Soldier reflects on final display of ‘ER’ uniform

·3-min read

A soldier has described how she will wear the “ER” royal cypher for the last time when she participates in the Queen’s funeral procession.

Trooper Tilly Bishop, a trumpeter from The Life Guards regiment, which is part of the Household Cavalry, said that she laid flowers in Windsor with her family after the death of the Queen.

After visiting the Berkshire castle she said she had a “little bit of an emotional breakdown”.

And she said she sometimes stumbles on the new words to the national anthem.

Trooper Tilly Bishop
Trooper Tilly Bishop, a trumpeter from The Life Guards regiment, will be in the Queen’s funeral procession (Ella Pickover/PA)

Trooper Bishop, from Windsor, said she feels “honoured” to participate in the funeral but appreciates it will be the last moment to that her Trumpeter’s gold kit will be branded with the “ER” royal cypher, which stands for Elizabeth Regina.

A royal cypher is unique to each monarch and the new cypher will read CR – Charles Rex.

Trooper Bishop, who will be riding her grey horse Platinum, has previously ridden in the Queen’s Birthday Parade and Jubilee Pageant.

The 20-year-old will be wearing a gold coat and riding the only grey horse in the procession behind the royal cars.

The royal cars will be behind the gun carriage carrying the Queen’s coffin.

She said she was “incredibly nervous” about her role in the procession.

Trooper Bishop added: “So many of the parades that we do are celebration, and this is a totally different thing.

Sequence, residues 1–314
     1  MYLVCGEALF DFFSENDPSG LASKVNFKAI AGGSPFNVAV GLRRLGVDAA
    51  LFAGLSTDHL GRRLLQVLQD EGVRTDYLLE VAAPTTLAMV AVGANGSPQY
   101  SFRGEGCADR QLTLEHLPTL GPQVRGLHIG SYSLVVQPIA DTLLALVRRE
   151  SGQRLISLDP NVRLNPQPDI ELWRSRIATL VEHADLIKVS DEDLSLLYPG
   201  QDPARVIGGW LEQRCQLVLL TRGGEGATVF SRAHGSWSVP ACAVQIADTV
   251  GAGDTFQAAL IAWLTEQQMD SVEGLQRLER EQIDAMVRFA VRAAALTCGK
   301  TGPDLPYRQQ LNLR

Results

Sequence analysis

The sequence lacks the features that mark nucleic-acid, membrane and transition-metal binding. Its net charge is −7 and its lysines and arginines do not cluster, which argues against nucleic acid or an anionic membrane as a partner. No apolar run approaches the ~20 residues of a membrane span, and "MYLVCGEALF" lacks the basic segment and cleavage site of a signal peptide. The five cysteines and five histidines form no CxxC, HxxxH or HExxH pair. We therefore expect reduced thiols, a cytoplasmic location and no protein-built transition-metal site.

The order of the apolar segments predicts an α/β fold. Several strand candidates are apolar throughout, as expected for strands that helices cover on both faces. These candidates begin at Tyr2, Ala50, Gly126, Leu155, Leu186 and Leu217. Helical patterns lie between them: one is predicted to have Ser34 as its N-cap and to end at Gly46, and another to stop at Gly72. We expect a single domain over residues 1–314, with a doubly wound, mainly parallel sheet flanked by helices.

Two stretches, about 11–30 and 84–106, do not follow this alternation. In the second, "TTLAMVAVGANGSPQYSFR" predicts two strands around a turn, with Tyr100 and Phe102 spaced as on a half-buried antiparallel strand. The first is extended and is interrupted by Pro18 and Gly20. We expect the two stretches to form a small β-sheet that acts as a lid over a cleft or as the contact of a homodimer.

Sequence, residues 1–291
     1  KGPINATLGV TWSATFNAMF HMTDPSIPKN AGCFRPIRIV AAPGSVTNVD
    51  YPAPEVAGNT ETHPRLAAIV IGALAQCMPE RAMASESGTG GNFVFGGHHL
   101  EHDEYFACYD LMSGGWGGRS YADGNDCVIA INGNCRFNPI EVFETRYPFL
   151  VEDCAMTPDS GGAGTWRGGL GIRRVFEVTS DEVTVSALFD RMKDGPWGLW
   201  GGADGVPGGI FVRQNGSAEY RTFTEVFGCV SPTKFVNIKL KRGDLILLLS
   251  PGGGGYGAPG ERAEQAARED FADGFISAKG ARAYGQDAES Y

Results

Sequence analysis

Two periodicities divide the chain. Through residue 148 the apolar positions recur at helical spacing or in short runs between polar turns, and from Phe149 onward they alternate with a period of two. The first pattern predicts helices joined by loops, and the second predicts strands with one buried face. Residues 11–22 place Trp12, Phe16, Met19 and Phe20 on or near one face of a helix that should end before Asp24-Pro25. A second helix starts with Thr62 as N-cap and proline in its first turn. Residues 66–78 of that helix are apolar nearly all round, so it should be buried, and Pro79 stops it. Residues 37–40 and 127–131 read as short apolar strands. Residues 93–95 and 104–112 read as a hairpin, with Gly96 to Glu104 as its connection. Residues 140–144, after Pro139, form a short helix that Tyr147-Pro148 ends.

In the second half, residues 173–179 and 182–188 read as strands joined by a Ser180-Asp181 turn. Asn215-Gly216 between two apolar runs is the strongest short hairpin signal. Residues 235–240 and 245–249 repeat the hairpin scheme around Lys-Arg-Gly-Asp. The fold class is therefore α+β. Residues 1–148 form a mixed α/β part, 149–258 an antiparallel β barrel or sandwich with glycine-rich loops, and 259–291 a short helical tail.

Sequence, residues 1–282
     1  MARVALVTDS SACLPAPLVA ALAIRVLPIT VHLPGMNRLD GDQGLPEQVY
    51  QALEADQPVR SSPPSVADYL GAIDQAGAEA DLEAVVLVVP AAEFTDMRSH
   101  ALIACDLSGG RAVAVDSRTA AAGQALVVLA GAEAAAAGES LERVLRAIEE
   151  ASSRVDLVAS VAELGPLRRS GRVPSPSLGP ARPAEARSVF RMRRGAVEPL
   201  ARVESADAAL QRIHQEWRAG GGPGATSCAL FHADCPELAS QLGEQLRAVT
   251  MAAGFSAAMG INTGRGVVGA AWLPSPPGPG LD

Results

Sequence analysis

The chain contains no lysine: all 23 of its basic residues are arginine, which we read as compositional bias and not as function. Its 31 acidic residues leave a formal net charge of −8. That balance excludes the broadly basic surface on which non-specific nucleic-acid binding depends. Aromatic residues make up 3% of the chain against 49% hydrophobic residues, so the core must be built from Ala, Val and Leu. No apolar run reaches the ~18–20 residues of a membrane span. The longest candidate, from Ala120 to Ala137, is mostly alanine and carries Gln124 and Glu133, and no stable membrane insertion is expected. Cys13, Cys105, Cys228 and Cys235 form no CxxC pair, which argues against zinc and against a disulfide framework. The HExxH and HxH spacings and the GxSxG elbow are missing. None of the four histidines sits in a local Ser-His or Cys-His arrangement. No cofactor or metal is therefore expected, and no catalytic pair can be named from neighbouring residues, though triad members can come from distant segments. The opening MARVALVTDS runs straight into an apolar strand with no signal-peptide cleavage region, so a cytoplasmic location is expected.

“We are celebrating the Queen’s life, but it is emotional.”

Funeral route graphic
(PA Graphics)

She added: “I’m also incredibly proud to be part of it.

“The Queen was such an amazing person that being part of something like this is just overwhelming.”

Trooper Bishop is normally stationed in Windsor and visited the castle with family to lay flowers at the weekend.

“I went up to Windsor castle with my family on Sunday and we went and put some flowers down and that’s when it hit me and I went home and had a little bit of an emotional breakdown.

“It’s hard to process really because she was such a massive part of our lives.

“Changing the National Anthem to ‘King’, it still hits me sometimes, and I keep saying the wrong thing, but we’ll get there. It’s amazing that we got to work for her.”

On the change of the royal cypher, she added: “It is on our gold coat, which is what I am wearing today – at the moment it says ER, but it will be changing to CR straight after the funeral.

“It’s really strange, for my whole career it has been ER and everything has been ER and so much of our uniform will be changing from the Queen’s crown to the King’s.”

She will be paying the Royal Salute as the mounted soldiers leave and enter Hyde Park Barracks.

Corporal of Horse William Morrison, Master Tailor, from Aberdeen, described how he joined the tailoring services of the Household Cavalry after a back injury.

He has spent the last 10 days preparing ceremonial uniforms of the Blues and Royals and the Life Guards, the regiments of the Household Cavalry, for the procession.

The 35-year-old described how he met the Queen, who remembered his grandfather Sir Rex Hodges.

“I had quite a bad back injury – a combination of lifting weights incorrectly and doing a lot of vigorous horse riding – so could no longer do the role of a fighting solider or ride horses very well so I tried my hand at tailoring,” he said.

“All of the traditions and knowledge that you learn, it has been really good to be a part of it.

“In 2012 I won a competition called the Princess Elizabeth cup which is awarded for the best turned out trooper, and the Queen presented me with that cup.

“She said that she remembered my grandfather from the war – he was chairman of Mersey Docks and Harbour Board during the war.”